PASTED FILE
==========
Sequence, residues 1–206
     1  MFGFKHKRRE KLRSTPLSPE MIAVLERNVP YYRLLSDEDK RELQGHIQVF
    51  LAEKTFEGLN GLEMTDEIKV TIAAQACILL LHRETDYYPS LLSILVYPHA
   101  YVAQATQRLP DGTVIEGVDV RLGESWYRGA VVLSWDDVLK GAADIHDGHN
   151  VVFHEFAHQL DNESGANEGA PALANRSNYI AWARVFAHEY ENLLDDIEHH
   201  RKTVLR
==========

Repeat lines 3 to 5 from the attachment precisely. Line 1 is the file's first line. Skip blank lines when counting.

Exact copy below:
    51  LAEKTFEGLN GLEMTDEIKV TIAAQACILL LHRETDYYPS LLSILVYPHA
   101  YVAQATQRLP DGTVIEGVDV RLGESWYRGA VVLSWDDVLK GAADIHDGHN
   151  VVFHEFAHQL DNESGANEGA PALANRSNYI AWARVFAHEY ENLLDDIEHH